Security Engineer

Security engineers are in charge of implementing an extra safety layer in the defense protocols of a company by creating programs that automatically detect and log successful or unsuccessful security breaches and attacks on the company infrastructure. This job requires total knowledge of existing threats, a deep understanding of PowerShell and other programming languages that the company in question uses, and the ability to work via the command-line interface, as well as though knowledge of common operating systems. The typical pay for this job anywhere from 70,000 to 140,000 USD.

Cybersecurity Instructor

This is the only job on the list that does not have actual coding and defense implementation indirect responsibilities. Instead, instructors are required to teach new members of the cybersecurity team how to deal with constantly emerging threats. This job requires not only experience and education in programming or the online-security field but also actual teaching experience. The pay for this job ranges from 70,000 to about 100,000 USD.

Things to prepare for effective remote working.

Whichever profession an employee has, several general things need to be arranged to make the transition to remote work as painless as possible and ensure that the cybersecurity team stays organized and focused while working from home. Here are the main things:

  • Make sure that employees have sufficient hardware and software: obviously, in the case of cybersecurity working from a home laptop is unsafe and creates potential hazards for both, the company and the worker. So it’s important to make sure that employees have dedicated machines and that those machines have all needed software: a kanban-list, messengers, and so on. Also, the company needs to supply home-workers with quality headsets. Without good audio, everyone will regret the decision to work remotely very soon, trust us on this one.
  • Work out all connectivity problems: not only do remote workers need to have a reliable and fast internet connection to avoid appearing as a bunch of laggy pixels on team meetings, but this connection also needs to be secure. According to a study by ESET, over 15% of home routers have vulnerabilities. Companies need to supply instructions on how to set up a safe connection and maintain security. Though, if a cybersecurity specialist does not understand this, maybe your company should reevaluate its hiring policy 🙂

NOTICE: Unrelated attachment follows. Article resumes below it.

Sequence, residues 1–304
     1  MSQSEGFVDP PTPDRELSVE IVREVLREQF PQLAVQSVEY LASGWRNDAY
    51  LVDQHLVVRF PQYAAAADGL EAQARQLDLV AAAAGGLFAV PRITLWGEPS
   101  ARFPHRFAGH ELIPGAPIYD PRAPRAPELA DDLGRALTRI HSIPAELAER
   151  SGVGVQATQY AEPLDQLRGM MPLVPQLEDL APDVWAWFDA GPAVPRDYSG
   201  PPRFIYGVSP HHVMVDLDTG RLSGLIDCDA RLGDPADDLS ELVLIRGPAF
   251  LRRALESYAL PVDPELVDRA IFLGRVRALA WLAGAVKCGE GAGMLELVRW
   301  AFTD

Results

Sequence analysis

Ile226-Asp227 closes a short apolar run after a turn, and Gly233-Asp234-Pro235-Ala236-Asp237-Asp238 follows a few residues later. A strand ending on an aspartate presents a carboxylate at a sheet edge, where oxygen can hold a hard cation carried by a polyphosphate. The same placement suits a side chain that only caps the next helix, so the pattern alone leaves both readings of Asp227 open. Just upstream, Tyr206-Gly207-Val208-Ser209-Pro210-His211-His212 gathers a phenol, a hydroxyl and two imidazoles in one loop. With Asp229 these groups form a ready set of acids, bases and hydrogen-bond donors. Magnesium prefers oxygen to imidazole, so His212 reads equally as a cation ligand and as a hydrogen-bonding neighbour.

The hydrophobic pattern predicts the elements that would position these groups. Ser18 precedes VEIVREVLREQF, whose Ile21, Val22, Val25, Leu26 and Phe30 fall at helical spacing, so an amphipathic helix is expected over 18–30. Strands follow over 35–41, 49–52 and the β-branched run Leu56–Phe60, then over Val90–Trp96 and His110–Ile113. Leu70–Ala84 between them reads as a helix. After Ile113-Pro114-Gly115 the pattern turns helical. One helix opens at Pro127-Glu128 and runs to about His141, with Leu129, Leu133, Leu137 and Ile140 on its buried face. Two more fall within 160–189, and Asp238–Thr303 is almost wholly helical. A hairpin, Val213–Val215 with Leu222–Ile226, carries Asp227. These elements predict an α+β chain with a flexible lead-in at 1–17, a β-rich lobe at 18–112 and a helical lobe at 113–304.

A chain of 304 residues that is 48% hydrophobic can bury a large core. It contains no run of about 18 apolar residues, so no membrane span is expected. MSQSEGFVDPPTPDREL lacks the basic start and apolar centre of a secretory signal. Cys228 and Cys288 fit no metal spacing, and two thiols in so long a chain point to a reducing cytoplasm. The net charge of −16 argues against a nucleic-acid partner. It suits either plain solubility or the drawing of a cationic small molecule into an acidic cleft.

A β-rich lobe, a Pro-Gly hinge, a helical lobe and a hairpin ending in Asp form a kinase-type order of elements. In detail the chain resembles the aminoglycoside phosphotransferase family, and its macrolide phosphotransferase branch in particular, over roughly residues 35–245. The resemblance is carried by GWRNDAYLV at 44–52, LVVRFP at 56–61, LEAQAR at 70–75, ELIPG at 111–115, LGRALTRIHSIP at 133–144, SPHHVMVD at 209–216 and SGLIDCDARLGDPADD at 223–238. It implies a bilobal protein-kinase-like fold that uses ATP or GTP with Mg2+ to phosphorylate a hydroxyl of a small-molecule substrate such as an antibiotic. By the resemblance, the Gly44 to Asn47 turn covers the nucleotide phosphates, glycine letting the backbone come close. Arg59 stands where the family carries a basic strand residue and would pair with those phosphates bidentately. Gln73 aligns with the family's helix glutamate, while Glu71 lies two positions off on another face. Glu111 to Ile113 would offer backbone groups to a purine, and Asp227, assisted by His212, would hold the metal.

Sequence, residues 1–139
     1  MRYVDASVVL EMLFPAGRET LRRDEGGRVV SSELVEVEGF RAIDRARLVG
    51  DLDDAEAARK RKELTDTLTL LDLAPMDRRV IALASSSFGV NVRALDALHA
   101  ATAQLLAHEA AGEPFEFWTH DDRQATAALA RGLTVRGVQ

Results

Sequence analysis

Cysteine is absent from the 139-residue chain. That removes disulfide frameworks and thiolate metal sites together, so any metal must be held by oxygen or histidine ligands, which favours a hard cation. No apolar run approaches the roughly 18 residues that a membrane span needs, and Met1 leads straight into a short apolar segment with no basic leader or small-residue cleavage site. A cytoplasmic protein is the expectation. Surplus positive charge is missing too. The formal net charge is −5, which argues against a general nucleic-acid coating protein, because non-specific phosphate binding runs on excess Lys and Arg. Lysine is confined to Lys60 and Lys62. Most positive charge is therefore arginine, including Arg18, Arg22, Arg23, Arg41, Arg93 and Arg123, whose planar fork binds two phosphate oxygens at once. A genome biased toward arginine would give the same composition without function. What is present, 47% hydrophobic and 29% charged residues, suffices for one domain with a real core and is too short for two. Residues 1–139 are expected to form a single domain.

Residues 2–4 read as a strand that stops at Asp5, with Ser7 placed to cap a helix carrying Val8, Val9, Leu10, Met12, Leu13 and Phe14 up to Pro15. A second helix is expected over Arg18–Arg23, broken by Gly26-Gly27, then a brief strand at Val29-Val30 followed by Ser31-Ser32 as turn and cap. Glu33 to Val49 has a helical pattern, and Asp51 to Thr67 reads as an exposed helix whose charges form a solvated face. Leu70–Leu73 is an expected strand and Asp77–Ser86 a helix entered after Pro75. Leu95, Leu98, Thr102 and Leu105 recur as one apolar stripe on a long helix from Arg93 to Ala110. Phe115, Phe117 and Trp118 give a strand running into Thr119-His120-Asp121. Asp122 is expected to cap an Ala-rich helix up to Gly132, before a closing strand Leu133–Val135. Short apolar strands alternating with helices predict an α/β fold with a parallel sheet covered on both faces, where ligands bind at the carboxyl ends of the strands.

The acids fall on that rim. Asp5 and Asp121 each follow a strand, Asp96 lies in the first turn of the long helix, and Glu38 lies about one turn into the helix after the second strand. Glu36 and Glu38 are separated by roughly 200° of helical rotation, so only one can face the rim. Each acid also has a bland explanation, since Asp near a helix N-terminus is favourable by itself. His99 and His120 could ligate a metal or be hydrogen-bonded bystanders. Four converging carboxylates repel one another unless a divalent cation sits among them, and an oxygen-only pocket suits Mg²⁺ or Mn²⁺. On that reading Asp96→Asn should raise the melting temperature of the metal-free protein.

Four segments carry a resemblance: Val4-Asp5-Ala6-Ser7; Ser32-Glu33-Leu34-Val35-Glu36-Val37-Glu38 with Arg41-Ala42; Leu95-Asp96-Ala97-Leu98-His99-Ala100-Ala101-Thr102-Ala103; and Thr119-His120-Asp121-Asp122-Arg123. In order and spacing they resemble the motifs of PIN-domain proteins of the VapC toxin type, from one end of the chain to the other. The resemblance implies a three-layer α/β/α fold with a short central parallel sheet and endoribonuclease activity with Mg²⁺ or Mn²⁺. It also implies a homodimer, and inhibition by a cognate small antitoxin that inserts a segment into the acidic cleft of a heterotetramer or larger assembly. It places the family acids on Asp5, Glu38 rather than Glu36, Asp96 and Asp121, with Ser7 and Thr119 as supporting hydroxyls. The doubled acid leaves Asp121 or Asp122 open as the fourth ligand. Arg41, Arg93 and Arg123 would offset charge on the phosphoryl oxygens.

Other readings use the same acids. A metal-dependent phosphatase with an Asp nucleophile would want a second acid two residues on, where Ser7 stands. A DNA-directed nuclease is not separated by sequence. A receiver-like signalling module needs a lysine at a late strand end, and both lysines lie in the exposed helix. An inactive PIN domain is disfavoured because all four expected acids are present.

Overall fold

• Set an overlapping working time for all employees: working from home does not mean working whenever people fancy to get something done. The working schedules of all team members should overlap by at least 6 hours, they should be hard-set and people are expected to be always available. Not necessarily answer immediately in chat, but be ready to set up a meeting with their superiors during their working hours.
  • Don’t control time, control tasks: one advantage of working from home is increased productivity. So, even if employees take a few extra minutes on lunch breaks, does it really matter as long as work is getting done equally well or better? Actually, team leaders need to adjust to the fact that they don’t really have effective ways to control how long people spend actually working. So, productivity needs to be controlled in terms of completed tasks, rather than time logged completing them.
  • Make sure that everyone is in sync: gather the team, remotely or in person, and explain how the processes of remote-work will be set up. Explain security protocols, how people should stay online, and what time of leaving messages unanswered is acceptable. Go over things like notifying others that you are on a lunch break and using correct chat statuses, so that other team members can always check that a person is away or busy at the moment. Ideally, create and carry out a short test to make sure that everybody understands all the important points.